Data quality in primary care, Scotland

Christopher J. Weatherburn (Lead / Corresponding author)

Research output: Contribution to journalArticlepeer-review

1 Citation (Scopus)

Abstract

Background and aims: This project explores primary care data quality (DQ) across Scotland.

Methods and results: A survey was sent to primary care staff in winter 2019. National data regarding Quality and Outcomes Framework (QOF) performance indicators and the GP software system used was obtained, analysed with T-tests and Chi-squared tests. Overall QOF performance with non-financial incentives from 918 practices was 77%. There was no significant difference with overall QOF performance against GP system (p = 0.46) or if the practice had a coder (p = 0.06). From the survey, search systems that make it hard to search for particular codes was the most important barrier to DQ; 61% of respondents (n = 491) felt there was particular information GPs should code, 16% of respondents stated that hospital discharge letters generally include corresponding codes and 9% for outpatient correspondence; 43% stated their practice had undertaken steps to improve DQ, training was the most common initiative, followed by workflow optimisation, dedicated coder(s), audit, guidelines and using code lists; 80% (n = 475) of respondents had received training in using their GP system, an average of eight years ago.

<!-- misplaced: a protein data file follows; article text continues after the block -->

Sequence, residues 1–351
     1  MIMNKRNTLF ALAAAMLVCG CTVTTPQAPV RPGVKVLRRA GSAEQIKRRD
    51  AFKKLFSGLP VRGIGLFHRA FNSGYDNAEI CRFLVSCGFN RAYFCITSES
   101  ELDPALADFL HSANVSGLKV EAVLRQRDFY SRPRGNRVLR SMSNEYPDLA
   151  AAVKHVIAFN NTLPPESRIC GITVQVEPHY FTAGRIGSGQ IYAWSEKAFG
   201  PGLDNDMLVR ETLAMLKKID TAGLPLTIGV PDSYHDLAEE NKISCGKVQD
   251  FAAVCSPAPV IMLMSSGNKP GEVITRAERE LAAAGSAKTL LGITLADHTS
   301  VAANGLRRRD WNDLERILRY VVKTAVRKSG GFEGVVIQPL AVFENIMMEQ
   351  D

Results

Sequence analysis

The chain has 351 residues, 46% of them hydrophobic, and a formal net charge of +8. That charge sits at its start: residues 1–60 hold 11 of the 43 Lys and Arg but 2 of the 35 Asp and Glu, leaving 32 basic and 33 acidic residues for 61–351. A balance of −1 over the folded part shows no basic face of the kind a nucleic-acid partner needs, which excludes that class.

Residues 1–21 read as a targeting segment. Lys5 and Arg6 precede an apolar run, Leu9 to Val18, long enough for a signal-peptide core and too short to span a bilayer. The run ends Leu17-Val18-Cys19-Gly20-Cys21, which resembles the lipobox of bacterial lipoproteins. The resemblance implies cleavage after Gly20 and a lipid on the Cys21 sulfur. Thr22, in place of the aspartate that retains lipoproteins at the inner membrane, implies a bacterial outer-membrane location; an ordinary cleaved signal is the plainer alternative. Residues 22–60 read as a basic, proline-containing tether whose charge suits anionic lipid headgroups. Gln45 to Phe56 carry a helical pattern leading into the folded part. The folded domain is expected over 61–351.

Conclusion: Obtaining improved GP systems, training, agreeing what GPs should code and improving transfer of data should be explored.

Original languageEnglish
Pages (from-to)66-72
Number of pages7
JournalScottish Medical Journal
Volume66
Issue number2
Early online date21 Feb 2021
DOIs
Publication statusPublished - May 2021

Keywords

  • Data accuracy
  • Health Services Administration
  • electronic health records
  • primary health care
  • surveys and questionnaires

Fingerprint Dive into the research topics of 'Data quality in primary care, Scotland'. Together they form a unique fingerprint.

Cite this